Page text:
Staff-Sergeant Harry Gibbons

Staff-Sergeant Harry A. J. Gibbons


Unit : No.8 Flight, "D" Squadron, No.1 Wing, The Glider Pilot Regiment

Army No. : 6481491


The following is an incomplete newspaper article, possibly local to the Buckinghamshire area, which was written about Staff-Sergeant Gibbons on his return from Arnhem.


Last week we mentioned Staff-Sergeant Harry A. J. Gibbons, of Iver, was among the men who returned from Arnhem. It is now possible to tell the story of this 22-years-old glider pilot who brought his glider safely to earth through heavy flak on the second day of the landings.


Several gliders caught fire as they went earthwards but his was lucky. Gibbons said that when he looks back on "the whole show," there is one amusing incident which will always stick in his memory.


They had scarcely put their feet on Dutch soil when they heard an explosion and a hissing sound. Someone yelled "duck" and they all went flat on the ground for 30 seconds or so expecting disaster each second. Nothing happened so one by one they tentatively raised their heads and looked around. To their amazement, and later their amusement, they discovered that their rubber dinghy had fallen out of the glider, hit something sharp and exploded. That was their first "taste of action."


After they had unloaded the glider, they made for a rendezvous point where they stayed until the following (Tuesday) morning when they started on their journey to Arnhem. That morning they saw their first German fighters and these strafed and machine-gunned them. During the whole of that afternoon they fought to hold a landing zone for the next party of air troops and then that night, after a fierce battle in which they sustained many casualties they moved back five miles, to the Divisional H.Q. which they had to guard.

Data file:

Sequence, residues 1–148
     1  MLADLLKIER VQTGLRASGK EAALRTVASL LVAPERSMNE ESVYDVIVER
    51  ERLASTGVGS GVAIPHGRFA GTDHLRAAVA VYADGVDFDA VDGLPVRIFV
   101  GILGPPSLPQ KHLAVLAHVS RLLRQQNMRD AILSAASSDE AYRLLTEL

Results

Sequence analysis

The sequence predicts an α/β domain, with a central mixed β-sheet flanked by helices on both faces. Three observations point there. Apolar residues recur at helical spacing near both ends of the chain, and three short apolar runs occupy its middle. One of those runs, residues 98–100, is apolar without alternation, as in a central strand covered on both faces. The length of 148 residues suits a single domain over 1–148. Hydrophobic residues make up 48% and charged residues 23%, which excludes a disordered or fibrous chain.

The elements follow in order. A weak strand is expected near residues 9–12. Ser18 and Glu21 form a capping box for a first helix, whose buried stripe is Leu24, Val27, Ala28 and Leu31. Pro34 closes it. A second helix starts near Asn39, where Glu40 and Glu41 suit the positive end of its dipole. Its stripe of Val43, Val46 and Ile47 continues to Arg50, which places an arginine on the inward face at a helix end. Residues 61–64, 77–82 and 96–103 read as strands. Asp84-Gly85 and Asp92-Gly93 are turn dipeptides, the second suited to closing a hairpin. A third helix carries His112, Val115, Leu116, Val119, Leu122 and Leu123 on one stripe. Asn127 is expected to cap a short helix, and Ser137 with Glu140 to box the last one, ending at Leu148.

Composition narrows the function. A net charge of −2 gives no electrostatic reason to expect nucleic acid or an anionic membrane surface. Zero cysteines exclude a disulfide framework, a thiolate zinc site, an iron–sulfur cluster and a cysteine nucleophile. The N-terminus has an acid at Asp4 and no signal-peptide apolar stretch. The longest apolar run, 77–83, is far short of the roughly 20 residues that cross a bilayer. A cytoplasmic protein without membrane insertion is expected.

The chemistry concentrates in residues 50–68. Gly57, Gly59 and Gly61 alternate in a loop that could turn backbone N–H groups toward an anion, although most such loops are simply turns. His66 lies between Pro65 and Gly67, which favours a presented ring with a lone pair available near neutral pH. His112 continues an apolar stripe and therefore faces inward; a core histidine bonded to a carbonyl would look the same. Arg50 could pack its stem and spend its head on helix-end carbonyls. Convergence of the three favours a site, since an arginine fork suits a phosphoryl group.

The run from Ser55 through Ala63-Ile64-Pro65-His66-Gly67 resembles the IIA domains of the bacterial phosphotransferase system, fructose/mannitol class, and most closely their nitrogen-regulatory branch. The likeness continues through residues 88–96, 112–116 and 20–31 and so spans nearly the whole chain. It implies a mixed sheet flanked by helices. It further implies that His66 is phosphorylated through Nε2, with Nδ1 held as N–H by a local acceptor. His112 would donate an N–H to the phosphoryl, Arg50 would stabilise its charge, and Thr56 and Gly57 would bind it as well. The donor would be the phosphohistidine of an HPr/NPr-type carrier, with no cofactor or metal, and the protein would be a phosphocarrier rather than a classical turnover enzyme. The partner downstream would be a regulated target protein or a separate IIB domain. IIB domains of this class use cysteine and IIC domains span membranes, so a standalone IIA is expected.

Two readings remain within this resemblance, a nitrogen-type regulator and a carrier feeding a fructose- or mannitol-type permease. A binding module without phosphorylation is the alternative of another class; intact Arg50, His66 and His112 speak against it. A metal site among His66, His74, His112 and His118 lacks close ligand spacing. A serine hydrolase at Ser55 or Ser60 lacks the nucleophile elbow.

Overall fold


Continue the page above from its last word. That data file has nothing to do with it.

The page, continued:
Their forces by this time had been cut in two; one half were in Arnhem itself and the other was at H.Q.


Gibbons, with the latter, "dug in" in a garden, where all night he and his companions were under heavy [fire]... mortaring continued all day and the men finished the last of their 24 hour food pack and some supplies which had been dropped by parachute.


Later in the day they cleared some nearby woods of snipers and took up positions in a row of mansions.


Gibbons said that by this time they had lost all sense of time. There were Germans in the houses across the road and all around them in the gardens. The Dutch families had disappeared into the cellars and the fellows "lived in state upstairs" with shells and bullets coming through the windows every few minutes.


In the house which Gibbons and his men occupied were two young Dutch soldiers who had escaped from the Dutch Army when it was routed by the Germans over two years ago and had been in hiding ever since. A Dutch family under great risk, had succeeded in sheltering them all that time. At last they were able to take up arms again.


Here they stayed until the following Monday. In the night they slipped out into the garden and got potatoes, apples and peas. The families gradually cleared out leaving as much foodstuffs as they could spare for our men.